Bernardino Drovetti

Bernardino Michele Maria Drovetti (January 7, 1776 – March 5, 1852) was an Italian antiquities collector, diplomat, and politician. He is best remembered for having acquired the Turin Royal Canon and for his questionable behavior in collecting ancient Egyptian antiquities.[1]

Bernardino Drovetti
Born(1776-01-07)January 7, 1776
DiedMarch 5, 1852(1852-03-05) (aged 76)
OccupationAntiquities collector, diplomat, politician


Born in Barbania, a comune near Turin in the kingdom of Piedmont-Sardinia, Drovetti later obtained the French nationality and joined the Grande Armée. As an official, during the French campaign in Egypt (1798–99) he distinguished himself by saving the life of Joachim Murat, and later he became the French Consul-General of Egypt during both the Empire (until 1814) and the Bourbon Restoration, between 1820 and 1829. He also earned Wāli Muhammad Ali's trust and had a role in some of the latter's administrative reforms. In 1820 he was awarded the title of Chevalier dans l'Ordre de la Legion d'Honneur.[1]

During his stay in Egypt, Drovetti became a passionate and avid collector of Egyptian antiquities. He engaged several agents and was particularly active in Luxor; shortly he gathered huge amounts of findings which he managed to sell in Europe.[1] His first collection was refused by France, but was acquired by King Charles Felix of Sardinia in 1824 and carried to Turin, where it became the first core of the future Museo Egizio. Another collection was purchased by King Charles X of France and is now stored at the Louvre. A third one was acquired by Karl Richard Lepsius in 1836 and carried in Prussia in order of being accommodated in the Egyptian Museum of Berlin.[1] Among the antiquities sold to the King of Sardinia, there was the invaluable Turin Royal Canon, a papyrus bearing a list of several pharaohs which is datable to the reign of Ramesses II and which was found by Drovetti at Luxor in 1820.

Later in his life, Drovetti lost his mind and was confined in a lunatic asylum at Turin. He died there on March 5, 1852.[1]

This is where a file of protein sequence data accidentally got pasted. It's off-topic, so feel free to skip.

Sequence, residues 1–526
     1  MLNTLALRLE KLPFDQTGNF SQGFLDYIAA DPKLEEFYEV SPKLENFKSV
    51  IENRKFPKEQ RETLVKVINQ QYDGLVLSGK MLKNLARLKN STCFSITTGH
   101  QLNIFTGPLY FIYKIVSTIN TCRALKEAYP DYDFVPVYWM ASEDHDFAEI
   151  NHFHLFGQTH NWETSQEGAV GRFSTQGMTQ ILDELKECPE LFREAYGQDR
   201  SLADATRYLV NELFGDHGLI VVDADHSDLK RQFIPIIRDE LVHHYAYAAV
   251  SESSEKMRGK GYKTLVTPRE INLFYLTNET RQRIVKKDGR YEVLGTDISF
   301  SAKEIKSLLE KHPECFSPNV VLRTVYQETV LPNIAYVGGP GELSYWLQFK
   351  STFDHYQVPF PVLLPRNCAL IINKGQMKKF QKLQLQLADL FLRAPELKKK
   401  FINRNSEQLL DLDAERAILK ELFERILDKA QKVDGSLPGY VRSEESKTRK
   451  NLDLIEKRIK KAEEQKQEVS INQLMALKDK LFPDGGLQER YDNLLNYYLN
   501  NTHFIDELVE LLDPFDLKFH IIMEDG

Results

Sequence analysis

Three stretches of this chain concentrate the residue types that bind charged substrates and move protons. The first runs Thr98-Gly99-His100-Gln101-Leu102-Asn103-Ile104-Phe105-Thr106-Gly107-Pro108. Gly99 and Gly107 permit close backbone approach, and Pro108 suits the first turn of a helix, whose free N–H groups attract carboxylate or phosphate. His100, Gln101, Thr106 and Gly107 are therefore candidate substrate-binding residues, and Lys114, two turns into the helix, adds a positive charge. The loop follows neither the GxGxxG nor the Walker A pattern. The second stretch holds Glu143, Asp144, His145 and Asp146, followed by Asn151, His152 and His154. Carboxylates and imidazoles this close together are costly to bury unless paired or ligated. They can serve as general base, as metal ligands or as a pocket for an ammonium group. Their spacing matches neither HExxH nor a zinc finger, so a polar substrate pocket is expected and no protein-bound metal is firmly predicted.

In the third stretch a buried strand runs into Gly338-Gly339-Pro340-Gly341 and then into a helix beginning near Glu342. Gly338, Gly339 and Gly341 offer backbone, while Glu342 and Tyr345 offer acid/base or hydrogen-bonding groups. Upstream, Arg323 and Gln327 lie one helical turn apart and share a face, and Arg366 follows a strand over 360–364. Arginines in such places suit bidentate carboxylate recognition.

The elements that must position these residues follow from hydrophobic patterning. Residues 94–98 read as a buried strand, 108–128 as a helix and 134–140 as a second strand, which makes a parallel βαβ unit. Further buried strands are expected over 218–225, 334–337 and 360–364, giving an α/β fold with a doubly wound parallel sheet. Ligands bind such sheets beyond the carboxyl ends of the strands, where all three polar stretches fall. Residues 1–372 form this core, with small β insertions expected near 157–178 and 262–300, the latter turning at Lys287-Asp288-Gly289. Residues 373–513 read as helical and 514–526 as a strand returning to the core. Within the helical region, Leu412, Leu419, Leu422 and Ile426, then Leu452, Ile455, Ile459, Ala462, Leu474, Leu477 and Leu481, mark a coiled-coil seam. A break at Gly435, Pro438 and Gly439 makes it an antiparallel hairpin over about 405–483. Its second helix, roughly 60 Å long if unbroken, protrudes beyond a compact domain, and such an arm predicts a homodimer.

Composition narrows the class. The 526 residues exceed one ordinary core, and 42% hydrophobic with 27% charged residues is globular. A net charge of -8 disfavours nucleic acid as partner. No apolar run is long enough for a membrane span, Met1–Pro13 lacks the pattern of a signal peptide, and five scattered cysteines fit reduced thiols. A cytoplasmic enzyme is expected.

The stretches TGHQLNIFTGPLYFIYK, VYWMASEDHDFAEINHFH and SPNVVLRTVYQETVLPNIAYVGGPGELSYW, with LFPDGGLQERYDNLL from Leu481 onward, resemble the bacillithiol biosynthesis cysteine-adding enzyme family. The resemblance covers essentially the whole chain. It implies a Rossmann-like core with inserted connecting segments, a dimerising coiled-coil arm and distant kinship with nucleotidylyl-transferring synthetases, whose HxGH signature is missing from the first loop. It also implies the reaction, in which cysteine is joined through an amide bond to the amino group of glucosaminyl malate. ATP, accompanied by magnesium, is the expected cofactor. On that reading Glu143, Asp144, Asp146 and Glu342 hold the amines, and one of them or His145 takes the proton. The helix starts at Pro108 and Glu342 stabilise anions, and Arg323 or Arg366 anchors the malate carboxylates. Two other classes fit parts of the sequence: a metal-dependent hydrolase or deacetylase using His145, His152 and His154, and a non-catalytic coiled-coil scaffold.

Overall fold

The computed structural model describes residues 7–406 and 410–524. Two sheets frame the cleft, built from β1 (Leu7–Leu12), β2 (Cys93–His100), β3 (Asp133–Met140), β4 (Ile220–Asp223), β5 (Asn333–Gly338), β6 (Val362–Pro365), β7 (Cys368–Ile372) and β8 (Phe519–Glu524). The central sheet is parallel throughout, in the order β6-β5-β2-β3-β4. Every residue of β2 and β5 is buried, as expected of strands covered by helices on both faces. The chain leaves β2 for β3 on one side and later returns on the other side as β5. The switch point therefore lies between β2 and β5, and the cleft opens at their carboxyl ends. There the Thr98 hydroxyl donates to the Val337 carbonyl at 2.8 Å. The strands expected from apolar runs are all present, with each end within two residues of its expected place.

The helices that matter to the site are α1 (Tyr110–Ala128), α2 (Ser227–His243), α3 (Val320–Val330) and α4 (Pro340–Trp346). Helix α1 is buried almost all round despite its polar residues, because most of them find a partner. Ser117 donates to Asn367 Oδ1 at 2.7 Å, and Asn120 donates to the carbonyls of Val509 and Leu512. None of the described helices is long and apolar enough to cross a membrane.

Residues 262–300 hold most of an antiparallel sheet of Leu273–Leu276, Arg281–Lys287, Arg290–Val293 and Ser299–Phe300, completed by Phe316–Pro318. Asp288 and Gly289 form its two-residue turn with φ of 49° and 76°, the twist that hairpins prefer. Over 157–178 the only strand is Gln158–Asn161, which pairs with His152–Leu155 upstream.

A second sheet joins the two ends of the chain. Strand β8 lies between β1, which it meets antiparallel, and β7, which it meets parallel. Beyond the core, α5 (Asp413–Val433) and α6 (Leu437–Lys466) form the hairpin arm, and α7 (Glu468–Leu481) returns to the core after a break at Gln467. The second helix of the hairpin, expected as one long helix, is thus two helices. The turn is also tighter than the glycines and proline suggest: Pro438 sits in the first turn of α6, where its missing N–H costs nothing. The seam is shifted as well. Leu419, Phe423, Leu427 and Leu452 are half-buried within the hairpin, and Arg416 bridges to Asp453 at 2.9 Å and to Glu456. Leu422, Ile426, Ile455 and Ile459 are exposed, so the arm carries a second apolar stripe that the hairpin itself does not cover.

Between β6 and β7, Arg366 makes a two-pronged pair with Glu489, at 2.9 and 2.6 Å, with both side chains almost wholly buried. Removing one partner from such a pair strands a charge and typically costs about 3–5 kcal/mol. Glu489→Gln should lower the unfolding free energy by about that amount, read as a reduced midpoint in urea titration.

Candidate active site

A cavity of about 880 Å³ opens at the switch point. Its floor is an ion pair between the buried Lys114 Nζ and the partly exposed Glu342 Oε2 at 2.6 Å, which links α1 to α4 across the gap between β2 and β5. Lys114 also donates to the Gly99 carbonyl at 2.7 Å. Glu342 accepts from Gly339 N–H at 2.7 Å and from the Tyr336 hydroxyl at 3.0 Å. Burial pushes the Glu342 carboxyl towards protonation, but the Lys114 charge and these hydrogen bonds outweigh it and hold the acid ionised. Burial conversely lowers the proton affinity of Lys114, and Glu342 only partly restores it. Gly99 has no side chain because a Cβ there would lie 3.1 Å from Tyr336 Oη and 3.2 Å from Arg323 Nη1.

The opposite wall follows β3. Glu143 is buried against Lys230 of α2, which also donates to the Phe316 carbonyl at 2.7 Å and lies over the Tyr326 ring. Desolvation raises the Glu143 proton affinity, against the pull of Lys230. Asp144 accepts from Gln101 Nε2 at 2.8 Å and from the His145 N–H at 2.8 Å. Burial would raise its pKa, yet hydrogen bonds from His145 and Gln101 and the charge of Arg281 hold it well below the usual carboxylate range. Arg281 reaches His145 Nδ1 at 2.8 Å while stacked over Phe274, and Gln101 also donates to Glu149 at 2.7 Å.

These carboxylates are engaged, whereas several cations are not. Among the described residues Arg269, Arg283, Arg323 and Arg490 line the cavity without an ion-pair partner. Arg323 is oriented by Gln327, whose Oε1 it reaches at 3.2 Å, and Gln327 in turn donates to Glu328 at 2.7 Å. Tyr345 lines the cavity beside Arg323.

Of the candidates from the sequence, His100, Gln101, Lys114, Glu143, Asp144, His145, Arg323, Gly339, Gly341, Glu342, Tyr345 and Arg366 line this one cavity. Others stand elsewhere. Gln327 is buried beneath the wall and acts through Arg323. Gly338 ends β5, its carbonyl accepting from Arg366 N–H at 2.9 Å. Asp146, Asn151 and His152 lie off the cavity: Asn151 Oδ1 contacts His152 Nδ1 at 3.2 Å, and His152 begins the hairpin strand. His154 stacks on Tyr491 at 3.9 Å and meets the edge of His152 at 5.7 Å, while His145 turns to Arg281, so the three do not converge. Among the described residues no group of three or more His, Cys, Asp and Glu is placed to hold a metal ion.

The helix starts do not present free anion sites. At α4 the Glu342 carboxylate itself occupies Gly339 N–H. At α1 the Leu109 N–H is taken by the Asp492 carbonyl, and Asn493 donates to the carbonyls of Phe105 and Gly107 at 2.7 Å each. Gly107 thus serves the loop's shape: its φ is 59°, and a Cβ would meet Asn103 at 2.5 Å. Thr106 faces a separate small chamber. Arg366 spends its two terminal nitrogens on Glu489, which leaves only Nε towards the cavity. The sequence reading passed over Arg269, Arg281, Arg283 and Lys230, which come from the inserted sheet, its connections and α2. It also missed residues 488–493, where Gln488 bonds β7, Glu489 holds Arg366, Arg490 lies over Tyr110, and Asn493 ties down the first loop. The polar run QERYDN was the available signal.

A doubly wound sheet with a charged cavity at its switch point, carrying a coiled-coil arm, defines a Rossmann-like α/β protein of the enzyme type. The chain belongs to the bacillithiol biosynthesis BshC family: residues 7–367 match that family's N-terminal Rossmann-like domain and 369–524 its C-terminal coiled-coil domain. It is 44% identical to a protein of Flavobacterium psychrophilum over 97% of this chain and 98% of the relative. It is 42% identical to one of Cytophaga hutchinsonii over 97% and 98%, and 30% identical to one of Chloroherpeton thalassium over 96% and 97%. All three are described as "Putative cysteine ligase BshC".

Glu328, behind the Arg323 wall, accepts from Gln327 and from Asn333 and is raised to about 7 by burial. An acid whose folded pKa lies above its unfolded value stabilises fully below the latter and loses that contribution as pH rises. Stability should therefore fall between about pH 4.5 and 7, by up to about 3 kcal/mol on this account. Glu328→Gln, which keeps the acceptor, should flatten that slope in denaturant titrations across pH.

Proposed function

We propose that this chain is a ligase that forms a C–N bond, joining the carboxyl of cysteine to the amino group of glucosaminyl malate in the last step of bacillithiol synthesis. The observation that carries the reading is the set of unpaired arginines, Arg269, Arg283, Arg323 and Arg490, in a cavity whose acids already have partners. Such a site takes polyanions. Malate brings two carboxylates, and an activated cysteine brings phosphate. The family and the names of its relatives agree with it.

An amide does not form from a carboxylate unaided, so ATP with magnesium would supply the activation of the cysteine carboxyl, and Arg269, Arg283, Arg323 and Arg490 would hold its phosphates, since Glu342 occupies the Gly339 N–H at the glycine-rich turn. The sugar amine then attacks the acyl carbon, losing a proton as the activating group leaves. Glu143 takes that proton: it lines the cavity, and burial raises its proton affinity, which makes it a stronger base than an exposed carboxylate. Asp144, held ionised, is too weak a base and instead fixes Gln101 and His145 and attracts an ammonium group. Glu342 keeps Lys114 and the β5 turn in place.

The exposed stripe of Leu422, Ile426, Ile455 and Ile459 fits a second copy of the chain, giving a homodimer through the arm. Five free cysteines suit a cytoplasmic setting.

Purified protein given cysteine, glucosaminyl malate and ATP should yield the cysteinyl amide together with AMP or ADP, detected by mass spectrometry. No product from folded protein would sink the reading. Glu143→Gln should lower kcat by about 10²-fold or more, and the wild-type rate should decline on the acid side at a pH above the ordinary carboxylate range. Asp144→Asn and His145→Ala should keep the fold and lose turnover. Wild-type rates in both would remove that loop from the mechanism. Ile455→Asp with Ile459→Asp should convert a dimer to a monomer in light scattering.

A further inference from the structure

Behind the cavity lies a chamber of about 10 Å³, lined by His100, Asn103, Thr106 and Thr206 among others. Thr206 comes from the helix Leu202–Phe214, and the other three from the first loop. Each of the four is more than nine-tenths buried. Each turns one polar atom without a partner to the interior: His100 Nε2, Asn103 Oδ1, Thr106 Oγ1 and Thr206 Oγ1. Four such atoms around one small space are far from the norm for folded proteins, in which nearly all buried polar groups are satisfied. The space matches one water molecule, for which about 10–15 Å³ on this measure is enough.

While he contributed significantly to the creation of three of the largest Egyptological collections in Europe and substantially increased the European interest in ancient Egypt, Drovetti is also remembered for his ruthlessness towards other collectors and excavators. He was particularly hostile against Henry Salt, Giovanni Battista Belzoni and Jean-François Champollion:[1] for example, during his excavations at Luxor around 1818 and later, Belzoni reported to have been harassed by two of Drovetti's agents, Antonio Lebolo and a certain Rosignani;[2] Drovetti also tried several times to hinder Champollion's expedition in Egypt (1827–28), likely to prevent a competitor in his affairs.[3] Drovetti and his agents were also deemed careless and unscrupulous in their conduct towards their discoveries, and it is believed that the fragmentary state of the Turin Royal Canon is at least partially due to this behaviour.[1]

In popular cultureEdit

Drovetti was portrayed by Joseph Long in the 2005 BBC docudrama Egypt.


  1. ^ a b c d e f g Dawson, Warren R. (1951). Who Was Who in Egyptology. London: Harrison & sons (reprint 1972)., p. 90
  2. ^ Dawson (1951), pp. 166; 253
  3. ^ Robinson, Andrew (2012). Cracking the Egyptian Code: The Revolutionary Life of Jean-Francois Champollion. Oxford University Press., pp. 179-81

Further readingEdit

  • Ridly, Ronald T. (1998). Napoleon's Proconsul In Egypt: The Life and Times of Bernardino Drovetti. Rubicon Press. ISBN 0-948695-59-5.